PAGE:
The points you bring out are fair and true; overspending and mismanagement has plagued CA for many, many, many years.   I wouldn't be surprised if, as you say revenues drop 30%.  But there are just too many talented and hard working people in this state to have it fall into oblivion like a Michigan has.

Al, I know you are working on a certain assumption about what inflation and deflation is.  For the overwhelming majority of people, inflation is what occurs in the production/consumption economy.  The cost of a MBS, a CDO, credit default swaps, bond insurance, etc, the falling of these, on their own, does not affect prices in the p/c economy.  It's when the credit that is extended to these financial institutions bleeds out into the p/c economy that the world at-large gets hit with price increases.

You also said before money is contracting; if we go by strict M0 to M3 and MZM definitions, you are also wrong.  Yes, credit default swaps and LBO-based asset backed paper is going belly-up; but these are NOT technically part of the money supply.  If the 400trillion CDS market goes completely to zero, I know you would call this deflationary; but me, if the Fed is continuing to raise M2 and M3 through credit supply, and none of that money is going into the CDS market but rather directly to the money supply, you will see inflation in the p/c economy skyrocket.

So yes, if you take the value of all the assets everywhere, including every single ABCP, MBS, CDO, CLO, and credit default swap, things are falling faster than the Fed can print.  But with those things falling, the money has to go somewhere, and if it's not going to paper investments, it's going to go into real assets.  It only takes a small percentage of the money loaned out to make a huge effect on the p/c economy too.

Again we agree on the bottom line tho: CA definitely does face unprecedented issues ahead.  (BTW I agree with all of your negative sentiment on CA; as a realist however that means I see both sides of the coin, and while CA is in a very tough spot, there are some really great things about this state that one cannot discount in a full, thorough evaluation of the situation.)

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#8) On August 03, 2008 at 8:39 PM, alstry (36.34) wrote:

Demon,

M3 and MZM is a small fraction of money supply.  Credit is a much bigger component....not including the deritives you mentioned above.

For example, I put $200K down (from my savings account) on a million dollar house and borrow $800K...even though only $200K would have been counted in the money supply.....the $800K loan spends exactly the same for goods and services as my $200K but little of it gets counted in M3.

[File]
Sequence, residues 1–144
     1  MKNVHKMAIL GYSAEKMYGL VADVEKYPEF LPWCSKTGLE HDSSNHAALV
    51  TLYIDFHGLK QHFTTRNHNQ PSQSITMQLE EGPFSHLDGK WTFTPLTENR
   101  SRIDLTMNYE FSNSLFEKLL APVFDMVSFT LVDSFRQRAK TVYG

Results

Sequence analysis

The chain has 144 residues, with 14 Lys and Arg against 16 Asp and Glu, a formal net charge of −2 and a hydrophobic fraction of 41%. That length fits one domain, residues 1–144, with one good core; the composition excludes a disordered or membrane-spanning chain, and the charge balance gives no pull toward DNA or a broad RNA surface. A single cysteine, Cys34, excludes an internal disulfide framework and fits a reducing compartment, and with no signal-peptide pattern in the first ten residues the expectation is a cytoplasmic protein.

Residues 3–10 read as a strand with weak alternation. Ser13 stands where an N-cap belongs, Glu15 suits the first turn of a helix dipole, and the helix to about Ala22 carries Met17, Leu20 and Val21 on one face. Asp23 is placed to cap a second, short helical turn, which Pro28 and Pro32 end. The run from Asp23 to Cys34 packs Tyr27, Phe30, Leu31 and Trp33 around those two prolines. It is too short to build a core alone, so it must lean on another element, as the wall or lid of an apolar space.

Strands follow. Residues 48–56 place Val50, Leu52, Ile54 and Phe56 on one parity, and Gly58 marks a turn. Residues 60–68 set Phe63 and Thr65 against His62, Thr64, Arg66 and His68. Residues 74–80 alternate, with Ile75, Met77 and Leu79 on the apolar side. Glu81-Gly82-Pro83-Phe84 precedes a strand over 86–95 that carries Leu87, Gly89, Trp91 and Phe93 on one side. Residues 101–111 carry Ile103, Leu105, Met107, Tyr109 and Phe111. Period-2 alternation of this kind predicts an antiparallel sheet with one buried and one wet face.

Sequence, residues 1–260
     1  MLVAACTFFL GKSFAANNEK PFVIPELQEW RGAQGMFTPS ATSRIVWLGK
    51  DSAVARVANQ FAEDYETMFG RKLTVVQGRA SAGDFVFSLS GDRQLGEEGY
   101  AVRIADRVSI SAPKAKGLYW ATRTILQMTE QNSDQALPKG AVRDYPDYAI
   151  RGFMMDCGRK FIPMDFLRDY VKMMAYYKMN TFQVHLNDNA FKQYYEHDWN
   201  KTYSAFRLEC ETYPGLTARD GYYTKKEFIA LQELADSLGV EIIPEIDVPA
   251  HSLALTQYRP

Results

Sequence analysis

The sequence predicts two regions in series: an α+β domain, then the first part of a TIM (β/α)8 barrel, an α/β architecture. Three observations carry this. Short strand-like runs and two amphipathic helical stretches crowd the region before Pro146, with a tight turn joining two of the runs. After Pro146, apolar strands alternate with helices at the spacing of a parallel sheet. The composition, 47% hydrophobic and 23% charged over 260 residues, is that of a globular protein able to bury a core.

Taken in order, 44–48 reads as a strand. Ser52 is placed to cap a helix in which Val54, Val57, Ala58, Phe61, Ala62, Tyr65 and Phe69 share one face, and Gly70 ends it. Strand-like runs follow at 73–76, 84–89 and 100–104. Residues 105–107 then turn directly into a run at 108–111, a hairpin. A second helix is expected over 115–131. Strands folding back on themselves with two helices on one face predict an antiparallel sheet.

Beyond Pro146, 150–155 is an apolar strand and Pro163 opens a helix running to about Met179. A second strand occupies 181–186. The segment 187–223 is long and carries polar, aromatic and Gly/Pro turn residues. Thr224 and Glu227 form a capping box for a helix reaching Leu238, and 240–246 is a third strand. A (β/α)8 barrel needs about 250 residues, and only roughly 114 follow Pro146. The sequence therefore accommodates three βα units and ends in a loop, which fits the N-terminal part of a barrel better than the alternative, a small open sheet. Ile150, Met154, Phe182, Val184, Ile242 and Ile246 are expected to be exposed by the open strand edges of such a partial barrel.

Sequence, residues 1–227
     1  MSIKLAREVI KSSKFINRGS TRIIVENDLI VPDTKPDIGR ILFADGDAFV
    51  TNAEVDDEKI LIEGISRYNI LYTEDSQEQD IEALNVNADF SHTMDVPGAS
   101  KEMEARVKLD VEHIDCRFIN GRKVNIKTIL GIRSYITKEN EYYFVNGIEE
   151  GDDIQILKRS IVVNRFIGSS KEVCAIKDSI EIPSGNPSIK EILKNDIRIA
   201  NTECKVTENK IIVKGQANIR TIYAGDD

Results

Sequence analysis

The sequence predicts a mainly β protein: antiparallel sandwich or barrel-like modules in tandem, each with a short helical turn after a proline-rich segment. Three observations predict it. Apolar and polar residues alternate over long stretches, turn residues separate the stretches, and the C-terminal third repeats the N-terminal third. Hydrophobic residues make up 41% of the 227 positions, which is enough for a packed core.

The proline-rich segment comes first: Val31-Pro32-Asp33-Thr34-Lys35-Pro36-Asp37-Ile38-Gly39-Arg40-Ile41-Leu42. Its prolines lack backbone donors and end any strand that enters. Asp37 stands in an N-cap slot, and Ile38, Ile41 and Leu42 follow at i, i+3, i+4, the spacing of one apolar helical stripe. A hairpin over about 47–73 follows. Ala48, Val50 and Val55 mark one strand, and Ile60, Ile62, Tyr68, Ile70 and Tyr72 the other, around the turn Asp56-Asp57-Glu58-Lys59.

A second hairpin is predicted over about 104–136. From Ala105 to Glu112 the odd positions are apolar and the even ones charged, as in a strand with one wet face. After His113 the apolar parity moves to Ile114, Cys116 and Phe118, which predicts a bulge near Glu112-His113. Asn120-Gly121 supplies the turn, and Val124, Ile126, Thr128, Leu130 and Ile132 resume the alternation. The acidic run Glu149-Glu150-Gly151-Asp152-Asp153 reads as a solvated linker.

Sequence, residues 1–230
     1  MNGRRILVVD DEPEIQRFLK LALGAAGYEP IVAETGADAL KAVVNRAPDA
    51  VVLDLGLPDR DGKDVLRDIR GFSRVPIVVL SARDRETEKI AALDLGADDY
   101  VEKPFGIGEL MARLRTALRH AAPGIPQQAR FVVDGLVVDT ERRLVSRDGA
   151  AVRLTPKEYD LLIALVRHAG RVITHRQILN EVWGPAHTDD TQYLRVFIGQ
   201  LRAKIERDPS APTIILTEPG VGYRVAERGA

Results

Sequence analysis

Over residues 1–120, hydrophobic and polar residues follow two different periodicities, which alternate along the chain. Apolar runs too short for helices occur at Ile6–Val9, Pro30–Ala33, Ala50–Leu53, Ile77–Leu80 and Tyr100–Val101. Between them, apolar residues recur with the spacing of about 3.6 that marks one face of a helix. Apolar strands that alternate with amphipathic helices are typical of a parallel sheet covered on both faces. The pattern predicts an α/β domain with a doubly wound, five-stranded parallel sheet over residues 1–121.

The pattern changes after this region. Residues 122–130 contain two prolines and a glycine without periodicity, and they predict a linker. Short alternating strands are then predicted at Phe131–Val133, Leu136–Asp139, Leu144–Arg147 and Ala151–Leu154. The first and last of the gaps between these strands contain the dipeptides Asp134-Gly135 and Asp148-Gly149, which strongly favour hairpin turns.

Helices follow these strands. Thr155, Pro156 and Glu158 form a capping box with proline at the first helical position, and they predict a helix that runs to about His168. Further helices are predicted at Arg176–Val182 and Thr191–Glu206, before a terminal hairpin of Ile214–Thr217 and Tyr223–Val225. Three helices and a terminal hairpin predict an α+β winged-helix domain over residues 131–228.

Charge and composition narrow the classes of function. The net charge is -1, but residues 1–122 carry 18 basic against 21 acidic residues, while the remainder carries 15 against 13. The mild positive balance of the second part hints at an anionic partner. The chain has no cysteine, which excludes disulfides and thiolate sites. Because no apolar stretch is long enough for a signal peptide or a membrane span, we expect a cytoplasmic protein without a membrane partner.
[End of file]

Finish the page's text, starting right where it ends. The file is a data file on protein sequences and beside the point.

Right now there is more outstanding residential mortgage loans than M3.  Add in actual commercial RE loans....and now we have practically doubled M3.

As loans default, the assets in our banks evaporate just the same as if someone withdrew cash out of their account.  As the bank assets contract, lenders refuse to lend forcing depositors to withdraw cash and spend down M3 even further.  This  cycle is just beginning so I am very confident in a few months you will be telling me M3 is contracting......by that time the market will have corrected 30% from this level once the "sophisticated investors" are become aware.

It is a subtle distinction that take some time to understand...it did for me at least.

I know CA is diversified.....but nothing contributed to CA's income in the past five to seven years close to residential and commerical RE.

There is simply no way for CA to recoup the lost revenues from RE...not only that it will likely get worse.  CA is broke and there is not much it can do absent selling off pieces of the State.  Absent a wholesale selloff of state assets, the spillover will be incredible and will impact all of the above businesses you mentioned causing even more slowing.

Initially I was on the sidelines between inflation and depression......now it is getting closer to depression and the mother of all depressions.

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#9) On August 04, 2008 at 3:42 AM, DemonDoug (32.84) wrote:

the problem with your viewpoint is that when you say "deflation" then people assume a strengthening dollar, buying more with the dollar.  Since in all of these scenarios, what the dollar buys is less real assets and more paper assets, it doesn't really help anyone, except the banks that are in power it helps them to stay in power.  If there is a 99% deflation in the credit markets, but a 99% inflation of prices in the p/c economy, does that make it all even?  Hellz no - because everyone has to pay the extra 99% in terms of consumer goods, but only a very few people have to deal with the consequences of FIRE economy contraction.  Unfortunately one of those people are the Fed chiefs and their job is to make sure banks stay in business, so more likely we'll have 100% inflation over 5 years with maybe a 10-20% deflation in the FIRE economy, and about an equal amount in the government economy.